A quarter of a billion euros has been paid to Irish tracker mortgage holders who were done out of low-cost interest rates by banks, the finance minister said.
Redress and compensation was made by the end of last year to 12,900 customers who paid too much for their loans.
They were identified by a Central Bank review and Paschal Donohoe warned banks should make further progress by March or face action.
The minister said: “This examination has laid bare the fact that very poor cultural and governance issues still exist within lending institutions in Ireland post the banking crash, and that if banks are to regain the trust of customers then they must be prepared to change their attitudes significantly.
“Customers of these lenders have been treated appallingly and in some severe cases have even lost their homes, either directly or indirectly, due to the shameful behaviour of their lenders.
“This behaviour is simply unacceptable.”
The minister added: “As at end December, approximately 250 million euros in redress and compensation has now been paid to 12,900 impacted customers as identified from the industry-wide examination, and this includes payments to 3,700 impacted accounts identified since last September.”
This is on top of 47 million euros paid before the start of the Central Bank’s industry-wide examination of 15 lenders two years ago.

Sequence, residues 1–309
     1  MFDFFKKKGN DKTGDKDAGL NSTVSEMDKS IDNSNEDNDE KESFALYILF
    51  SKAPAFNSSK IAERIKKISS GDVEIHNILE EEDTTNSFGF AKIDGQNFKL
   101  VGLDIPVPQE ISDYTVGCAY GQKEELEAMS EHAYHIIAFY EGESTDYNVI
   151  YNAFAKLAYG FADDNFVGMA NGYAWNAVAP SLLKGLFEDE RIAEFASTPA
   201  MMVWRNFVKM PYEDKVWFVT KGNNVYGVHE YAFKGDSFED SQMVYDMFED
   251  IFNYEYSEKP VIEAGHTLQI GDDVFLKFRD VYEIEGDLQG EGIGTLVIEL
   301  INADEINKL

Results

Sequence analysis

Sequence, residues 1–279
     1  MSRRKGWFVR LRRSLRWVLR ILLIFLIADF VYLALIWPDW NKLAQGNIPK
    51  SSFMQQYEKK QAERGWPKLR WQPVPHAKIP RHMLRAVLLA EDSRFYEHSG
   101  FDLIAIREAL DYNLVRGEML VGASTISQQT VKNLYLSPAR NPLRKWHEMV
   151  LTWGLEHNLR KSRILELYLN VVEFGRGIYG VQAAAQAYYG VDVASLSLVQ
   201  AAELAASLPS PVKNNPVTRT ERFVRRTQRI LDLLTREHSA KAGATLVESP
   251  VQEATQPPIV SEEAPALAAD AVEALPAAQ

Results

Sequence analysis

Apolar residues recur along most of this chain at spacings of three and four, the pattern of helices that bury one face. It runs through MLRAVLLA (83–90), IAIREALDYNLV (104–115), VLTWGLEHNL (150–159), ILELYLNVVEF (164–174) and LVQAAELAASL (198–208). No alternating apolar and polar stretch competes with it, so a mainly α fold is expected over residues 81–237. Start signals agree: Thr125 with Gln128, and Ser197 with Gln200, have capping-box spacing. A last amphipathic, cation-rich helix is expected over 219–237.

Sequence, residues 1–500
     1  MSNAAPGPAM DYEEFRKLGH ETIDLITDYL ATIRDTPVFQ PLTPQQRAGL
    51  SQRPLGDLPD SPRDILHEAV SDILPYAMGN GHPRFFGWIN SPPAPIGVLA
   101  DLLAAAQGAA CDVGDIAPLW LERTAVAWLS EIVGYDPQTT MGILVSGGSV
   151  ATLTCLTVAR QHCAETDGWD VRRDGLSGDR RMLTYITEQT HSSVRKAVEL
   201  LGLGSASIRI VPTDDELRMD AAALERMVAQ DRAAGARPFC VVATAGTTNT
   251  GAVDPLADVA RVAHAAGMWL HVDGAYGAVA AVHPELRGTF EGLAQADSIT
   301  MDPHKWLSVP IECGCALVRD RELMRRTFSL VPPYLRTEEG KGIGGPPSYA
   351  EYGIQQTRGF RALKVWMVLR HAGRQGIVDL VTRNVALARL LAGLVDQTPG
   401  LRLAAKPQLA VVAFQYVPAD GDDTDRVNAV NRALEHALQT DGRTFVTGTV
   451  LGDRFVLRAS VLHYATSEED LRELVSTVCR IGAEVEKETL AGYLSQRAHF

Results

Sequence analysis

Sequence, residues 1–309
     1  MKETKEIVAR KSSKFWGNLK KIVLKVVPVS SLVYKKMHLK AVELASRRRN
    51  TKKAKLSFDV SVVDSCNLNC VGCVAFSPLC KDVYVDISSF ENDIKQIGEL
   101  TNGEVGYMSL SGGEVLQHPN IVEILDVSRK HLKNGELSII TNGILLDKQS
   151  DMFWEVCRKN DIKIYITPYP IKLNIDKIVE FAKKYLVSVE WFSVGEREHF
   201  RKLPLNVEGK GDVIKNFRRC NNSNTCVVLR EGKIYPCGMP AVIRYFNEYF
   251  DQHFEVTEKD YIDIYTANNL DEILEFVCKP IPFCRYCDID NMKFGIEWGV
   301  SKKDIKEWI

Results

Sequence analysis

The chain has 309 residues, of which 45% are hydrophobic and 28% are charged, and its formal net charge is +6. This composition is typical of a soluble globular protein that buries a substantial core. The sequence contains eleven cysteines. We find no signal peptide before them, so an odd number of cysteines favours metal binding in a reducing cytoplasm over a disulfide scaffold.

The mistake affected major financial institutions including Ulster Bank, Bank of Ireland and KBC.
All the banks have offered apologies.
Mr Donohoe told a meeting of the Joint Committee on Finance, Public Expenditure and Reform and Taoiseach that he expected a further update from the Central Bank on the basis of data at the end of March.
“If further sufficient progress regarding the payment of redress and compensation to impacted customers has not been made at that point, the Government will be prepared to consider further possible actions.”
Customers have been treated appallingly due to the shameful behaviour of lenders, Mr Donohoe added.
“The prompt payment of remaining redress and compensation payments to outstanding impacted borrowers is now a key requirement, and indeed it will be a practical demonstration of the regret that banks are now expressing for the harm they have inflicted upon their impacted tracker borrowers.”
Sinn Fein TD Pearse Doherty said those affected wanted accountability.
“They want somebody to pay the price, somebody to be held responsible. They don’t want this swept under the carpet.”
He added: “It is pathetic, the type of compensation being offered by the financial institutions.”
The minister said he had no interest in sweeping the matter under the table.
“What happened was wrong, the many people affected by this and suffering caused was unconscionable.”